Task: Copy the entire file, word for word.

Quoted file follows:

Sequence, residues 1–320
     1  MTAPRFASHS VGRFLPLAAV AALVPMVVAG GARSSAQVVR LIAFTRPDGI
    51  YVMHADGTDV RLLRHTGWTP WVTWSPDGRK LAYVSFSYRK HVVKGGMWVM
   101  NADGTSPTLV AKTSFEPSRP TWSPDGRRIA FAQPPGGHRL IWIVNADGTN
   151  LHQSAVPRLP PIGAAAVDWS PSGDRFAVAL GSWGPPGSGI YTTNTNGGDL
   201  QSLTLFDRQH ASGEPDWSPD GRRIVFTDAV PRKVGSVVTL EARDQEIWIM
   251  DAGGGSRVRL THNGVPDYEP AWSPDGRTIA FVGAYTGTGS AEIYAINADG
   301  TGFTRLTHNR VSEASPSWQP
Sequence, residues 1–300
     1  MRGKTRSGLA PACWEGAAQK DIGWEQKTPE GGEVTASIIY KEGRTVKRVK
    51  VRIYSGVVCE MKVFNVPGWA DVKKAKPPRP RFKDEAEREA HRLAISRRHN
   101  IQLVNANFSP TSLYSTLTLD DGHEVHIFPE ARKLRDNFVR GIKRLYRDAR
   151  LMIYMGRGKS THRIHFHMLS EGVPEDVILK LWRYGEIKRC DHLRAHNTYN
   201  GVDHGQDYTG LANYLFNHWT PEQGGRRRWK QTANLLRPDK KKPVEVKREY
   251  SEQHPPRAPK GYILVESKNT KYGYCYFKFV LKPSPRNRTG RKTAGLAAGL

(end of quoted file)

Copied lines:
Sequence, residues 1–320
     1  MTAPRFASHS VGRFLPLAAV AALVPMVVAG GARSSAQVVR LIAFTRPDGI
    51  YVMHADGTDV RLLRHTGWTP WVTWSPDGRK LAYVSFSYRK HVVKGGMWVM
   101  NADGTSPTLV AKTSFEPSRP TWSPDGRRIA FAQPPGGHRL IWIVNADGTN
   151  LHQSAVPRLP PIGAAAVDWS PSGDRFAVAL GSWGPPGSGI YTTNTNGGDL
   201  QSLTLFDRQH ASGEPDWSPD GRRIVFTDAV PRKVGSVVTL EARDQEIWIM
   251  DAGGGSRVRL THNGVPDYEP AWSPDGRTIA FVGAYTGTGS AEIYAINADG
   301  TGFTRLTHNR VSEASPSWQP
Sequence, residues 1–300
     1  MRGKTRSGLA PACWEGAAQK DIGWEQKTPE GGEVTASIIY KEGRTVKRVK
    51  VRIYSGVVCE MKVFNVPGWA DVKKAKPPRP RFKDEAEREA HRLAISRRHN
   101  IQLVNANFSP TSLYSTLTLD DGHEVHIFPE ARKLRDNFVR GIKRLYRDAR
   151  LMIYMGRGKS THRIHFHMLS EGVPEDVILK LWRYGEIKRC DHLRAHNTYN
   201  GVDHGQDYTG LANYLFNHWT PEQGGRRRWK QTANLLRPDK KKPVEVKREY
   251  SEQHPPRAPK GYILVESKNT KYGYCYFKFV LKPSPRNRTG RKTAGLAAGL